Of all the companies I cover, Polycom (PLCM) seems to be one of the more misunderstood organizations from an investor perspective. I think the primary reason for this is that the markets Polycom plays in are equally misunderstood, and if investors gave the company another look they would see strong value in PLCM's future.
The market that most would associate PLCM with is, of course, enterprise video conferencing, which many perceive to be flat or even declining, hence the hesitancy to invest in a company like PLCM. I also find that many investors have a negative bias towards enterprise video based on poor experiences in the past when roll around carts and confusing interfaces were the norm. Don't get me wrong; I understand where the bad history emanates from and the frustrating experiences that users have had. I'm a former IT professional myself and I can tell you from experience that those old systems took anywhere from 30 minutes to an hour to get going - hardly a spontaneous collaboration tool. However, the technology has come a long way over the past few years.
Back to the market question and whether video is actually growing or not. My research firm, ZK Research, recently ran a survey of almost 1000 companies that use video today to understand usage habits and buying patterns. The results of the survey were in stark contrast with much of the industry perception. 90% of respondents indicated that they were expecting to see increased video utilization over the next 12 months. So why does the ZK Research survey conflict with industry opinion? It's because video is in transition and the market is still being sized using legacy methods.
The box counting analyst firms still have market forecasts that measure only video hardware sales. I would agree that the market for video hardware is currently flat. However, customers are using and spending budgets on software solutions, cloud based video and consulting and professional services. In particular, upfront business planning services have been particularly hot as business managers and corporate executives are often making the decision for video today.
Over the past year, PLCM has completely revamped its products to be more in line with the shifts to software, cloud and mobile video. In addition, the company has been building a strong professional services organization, which includes the 2013 acquisition of Sentri. Last week I attended the company's channel conference, TEAM Polycom, in Vancouver and at the event PLCM hit its reseller base hard with the theme of service and industry transformation as it preps for the next wave of video growth. Make no mistake, the video industry is as healthy as ever and PLCM finally has the right products to take advantage of the current market trends. I actually think the momentum behind software and mobile video will eventually drive organizations back to beefing up their hardware platforms to make video a company wide resource. Video usage begets more video usage and the key is to understand where to deploy what type of video and this should drive growth across all segments of the technology.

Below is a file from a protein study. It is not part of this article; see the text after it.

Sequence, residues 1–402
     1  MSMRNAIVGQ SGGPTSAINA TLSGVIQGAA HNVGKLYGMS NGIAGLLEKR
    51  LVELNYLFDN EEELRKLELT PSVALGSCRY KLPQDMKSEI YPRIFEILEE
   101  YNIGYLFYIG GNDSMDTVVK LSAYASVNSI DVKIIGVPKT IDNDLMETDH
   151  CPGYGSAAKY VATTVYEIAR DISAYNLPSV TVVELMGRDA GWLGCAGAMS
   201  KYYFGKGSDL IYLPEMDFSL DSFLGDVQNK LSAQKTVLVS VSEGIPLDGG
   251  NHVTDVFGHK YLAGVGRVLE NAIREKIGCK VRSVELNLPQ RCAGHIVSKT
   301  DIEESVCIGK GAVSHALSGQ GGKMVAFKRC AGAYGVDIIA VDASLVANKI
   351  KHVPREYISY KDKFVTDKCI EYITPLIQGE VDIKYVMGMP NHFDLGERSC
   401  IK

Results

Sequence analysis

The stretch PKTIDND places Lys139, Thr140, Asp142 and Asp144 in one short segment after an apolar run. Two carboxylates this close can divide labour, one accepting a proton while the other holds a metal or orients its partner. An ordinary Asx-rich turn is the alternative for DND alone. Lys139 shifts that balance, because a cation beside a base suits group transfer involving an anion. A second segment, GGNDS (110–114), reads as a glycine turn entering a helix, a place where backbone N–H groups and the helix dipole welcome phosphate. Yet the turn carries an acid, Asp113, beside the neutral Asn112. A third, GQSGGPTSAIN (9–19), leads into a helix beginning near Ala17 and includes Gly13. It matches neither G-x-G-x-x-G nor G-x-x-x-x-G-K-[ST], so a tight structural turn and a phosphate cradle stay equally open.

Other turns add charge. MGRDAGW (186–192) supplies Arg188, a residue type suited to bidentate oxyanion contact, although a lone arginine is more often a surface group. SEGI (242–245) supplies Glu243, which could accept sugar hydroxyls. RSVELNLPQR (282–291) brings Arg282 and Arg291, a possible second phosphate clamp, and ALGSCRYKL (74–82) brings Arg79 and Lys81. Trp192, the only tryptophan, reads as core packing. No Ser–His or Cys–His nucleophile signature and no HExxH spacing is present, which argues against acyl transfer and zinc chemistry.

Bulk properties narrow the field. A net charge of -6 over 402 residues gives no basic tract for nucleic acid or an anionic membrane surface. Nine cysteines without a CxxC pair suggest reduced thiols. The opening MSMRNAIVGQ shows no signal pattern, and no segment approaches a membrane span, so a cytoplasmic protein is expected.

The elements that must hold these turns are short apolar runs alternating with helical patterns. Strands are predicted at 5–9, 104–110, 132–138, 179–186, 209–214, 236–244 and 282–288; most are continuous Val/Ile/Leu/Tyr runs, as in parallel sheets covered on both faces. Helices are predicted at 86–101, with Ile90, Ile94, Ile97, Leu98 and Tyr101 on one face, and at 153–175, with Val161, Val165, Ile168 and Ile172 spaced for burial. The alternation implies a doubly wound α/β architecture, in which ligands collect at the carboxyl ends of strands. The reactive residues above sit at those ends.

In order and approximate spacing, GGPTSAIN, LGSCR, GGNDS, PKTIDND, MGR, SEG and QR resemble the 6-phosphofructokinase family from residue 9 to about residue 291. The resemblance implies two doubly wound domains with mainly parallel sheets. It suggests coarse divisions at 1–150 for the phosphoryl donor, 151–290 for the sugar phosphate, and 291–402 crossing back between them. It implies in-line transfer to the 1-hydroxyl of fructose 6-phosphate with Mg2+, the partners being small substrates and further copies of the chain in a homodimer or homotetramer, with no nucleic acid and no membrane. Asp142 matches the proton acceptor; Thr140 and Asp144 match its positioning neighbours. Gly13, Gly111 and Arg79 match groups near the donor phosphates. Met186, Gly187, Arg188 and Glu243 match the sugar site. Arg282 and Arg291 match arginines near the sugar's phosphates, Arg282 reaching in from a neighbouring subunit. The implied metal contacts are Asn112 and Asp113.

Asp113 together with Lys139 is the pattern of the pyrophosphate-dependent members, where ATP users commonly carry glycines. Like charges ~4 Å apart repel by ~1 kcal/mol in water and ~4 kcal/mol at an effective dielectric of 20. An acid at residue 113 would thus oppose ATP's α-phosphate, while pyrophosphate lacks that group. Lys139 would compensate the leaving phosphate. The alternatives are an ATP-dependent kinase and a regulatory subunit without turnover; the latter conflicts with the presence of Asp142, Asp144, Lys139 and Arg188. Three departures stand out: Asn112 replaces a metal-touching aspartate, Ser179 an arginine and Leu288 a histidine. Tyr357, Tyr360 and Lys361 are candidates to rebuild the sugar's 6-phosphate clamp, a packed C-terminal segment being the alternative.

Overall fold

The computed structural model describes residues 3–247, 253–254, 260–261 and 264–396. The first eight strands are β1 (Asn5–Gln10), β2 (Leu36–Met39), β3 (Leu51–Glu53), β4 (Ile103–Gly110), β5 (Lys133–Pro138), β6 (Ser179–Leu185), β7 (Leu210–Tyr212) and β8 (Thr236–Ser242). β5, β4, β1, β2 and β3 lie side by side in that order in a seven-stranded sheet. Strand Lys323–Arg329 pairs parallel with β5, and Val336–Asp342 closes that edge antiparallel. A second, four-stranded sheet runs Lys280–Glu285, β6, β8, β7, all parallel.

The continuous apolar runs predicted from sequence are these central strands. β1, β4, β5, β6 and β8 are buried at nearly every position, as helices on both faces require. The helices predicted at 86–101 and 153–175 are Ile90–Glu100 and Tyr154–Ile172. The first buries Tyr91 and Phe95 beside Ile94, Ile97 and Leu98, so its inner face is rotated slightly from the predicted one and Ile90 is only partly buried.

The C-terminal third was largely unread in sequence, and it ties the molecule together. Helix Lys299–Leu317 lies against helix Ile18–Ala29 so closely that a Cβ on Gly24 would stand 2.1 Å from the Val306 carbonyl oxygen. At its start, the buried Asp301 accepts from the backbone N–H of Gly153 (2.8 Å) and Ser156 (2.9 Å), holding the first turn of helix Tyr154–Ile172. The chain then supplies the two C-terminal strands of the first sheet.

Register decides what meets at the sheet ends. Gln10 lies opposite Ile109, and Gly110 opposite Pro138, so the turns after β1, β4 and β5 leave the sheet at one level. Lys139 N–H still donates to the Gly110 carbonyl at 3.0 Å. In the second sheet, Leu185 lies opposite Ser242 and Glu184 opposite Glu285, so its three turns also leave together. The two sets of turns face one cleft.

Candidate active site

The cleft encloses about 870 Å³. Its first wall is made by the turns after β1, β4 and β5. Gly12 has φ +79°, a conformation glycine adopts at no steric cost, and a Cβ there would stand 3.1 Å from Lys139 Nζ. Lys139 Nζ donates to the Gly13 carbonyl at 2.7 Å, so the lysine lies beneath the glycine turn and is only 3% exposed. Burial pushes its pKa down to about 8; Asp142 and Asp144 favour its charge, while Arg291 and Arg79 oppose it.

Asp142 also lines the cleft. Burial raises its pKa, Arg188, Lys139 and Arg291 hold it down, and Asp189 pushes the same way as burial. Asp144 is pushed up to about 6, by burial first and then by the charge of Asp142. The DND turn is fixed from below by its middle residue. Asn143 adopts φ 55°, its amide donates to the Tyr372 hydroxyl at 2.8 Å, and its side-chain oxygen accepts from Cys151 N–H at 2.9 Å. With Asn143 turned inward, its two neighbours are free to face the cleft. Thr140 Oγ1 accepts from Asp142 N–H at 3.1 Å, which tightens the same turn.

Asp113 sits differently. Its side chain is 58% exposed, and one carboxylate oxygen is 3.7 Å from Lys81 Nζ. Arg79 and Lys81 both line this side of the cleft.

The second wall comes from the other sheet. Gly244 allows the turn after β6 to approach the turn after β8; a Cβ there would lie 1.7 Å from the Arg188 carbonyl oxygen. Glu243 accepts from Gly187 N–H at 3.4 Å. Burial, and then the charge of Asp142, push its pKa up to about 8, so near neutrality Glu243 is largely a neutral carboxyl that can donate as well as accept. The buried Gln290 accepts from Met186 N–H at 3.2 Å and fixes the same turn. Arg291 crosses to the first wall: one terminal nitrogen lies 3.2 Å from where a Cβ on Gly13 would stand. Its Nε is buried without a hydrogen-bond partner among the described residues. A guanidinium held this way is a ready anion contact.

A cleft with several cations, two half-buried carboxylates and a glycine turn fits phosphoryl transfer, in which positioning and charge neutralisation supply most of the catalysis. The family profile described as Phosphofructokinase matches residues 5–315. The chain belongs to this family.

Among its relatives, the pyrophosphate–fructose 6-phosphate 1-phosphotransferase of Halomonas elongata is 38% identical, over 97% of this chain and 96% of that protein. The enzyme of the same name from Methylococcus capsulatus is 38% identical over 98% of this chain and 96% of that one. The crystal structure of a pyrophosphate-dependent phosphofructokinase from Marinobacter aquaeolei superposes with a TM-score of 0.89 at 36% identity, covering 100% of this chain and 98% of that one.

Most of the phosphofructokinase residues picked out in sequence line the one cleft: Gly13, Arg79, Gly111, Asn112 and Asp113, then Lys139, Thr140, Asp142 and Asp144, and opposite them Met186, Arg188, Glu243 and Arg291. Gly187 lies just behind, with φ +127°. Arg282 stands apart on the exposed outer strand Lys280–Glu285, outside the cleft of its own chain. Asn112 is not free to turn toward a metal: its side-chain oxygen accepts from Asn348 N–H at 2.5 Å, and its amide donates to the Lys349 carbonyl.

Another theme I like for PLCM this year is the company's attachment to Microsoft (MSFT) Lync. Over the past few years MSFT has been convincing customers to deploy Lync as a desktop collaboration tool, primarily for chat and presence. This past year, MSFT released the first version of Lync that could compete with the likes of Cisco (CSCO) and Avaya in the area of enterprise voice. However, Lync alone can't fully replace an IP PBX, but Lync and a partner can and 75% of the time, when customers migrate to Lync voice, they choose PLCM as the partner. Additionally, PLCM has, by far, the best Lync video solutions. The typical journey for Lync customers is Lync desktop, followed by Lync voice and then Lync video. We're really at the early stages of Lync for voice and video, creating a Lync wave that PLCM should be able to ride for the next few years. PLCM certainly understands the opportunity here and has been aggressively pushing its Lync compatible solutions into a fast growing Lync install base.
Lastly, the VoIP related products have been growing impressively for PLCM of late. This past quarter, the UC personal devices segment grew 33% YoY with much of that revenue growth coming from VoIP phones. While the growth of traditional premises based VoIP solutions has slowed down, cloud UC providers have been red hot and consequently so have the growth of PLCM's line of new VVX IP phones. Small and mid size businesses will continue to migrate their telephony infrastructure to the cloud, creating another strong market trend for PLCM to attach itself to.
One final point, the recent hiring of Peter Leav to be the company's new CEO seems to be a great fit. PLCM has been aggressively rolling out new products and now it is time to shift the go to market strategy and help its channel evolve. In other words, now that the product transition is underway, its time to execute, something Mr. Leav has proven he can do given his previous successes at Motorola (MSI) and NCR (NCR).
I'm a big believer that significant market share shifts only happen during market transitions. The unified communications (UC) industry, which includes video, is currently going through several market transitions and PLCM appears to have the right set of products today, but more importantly, the right mindset to go after these opportunities.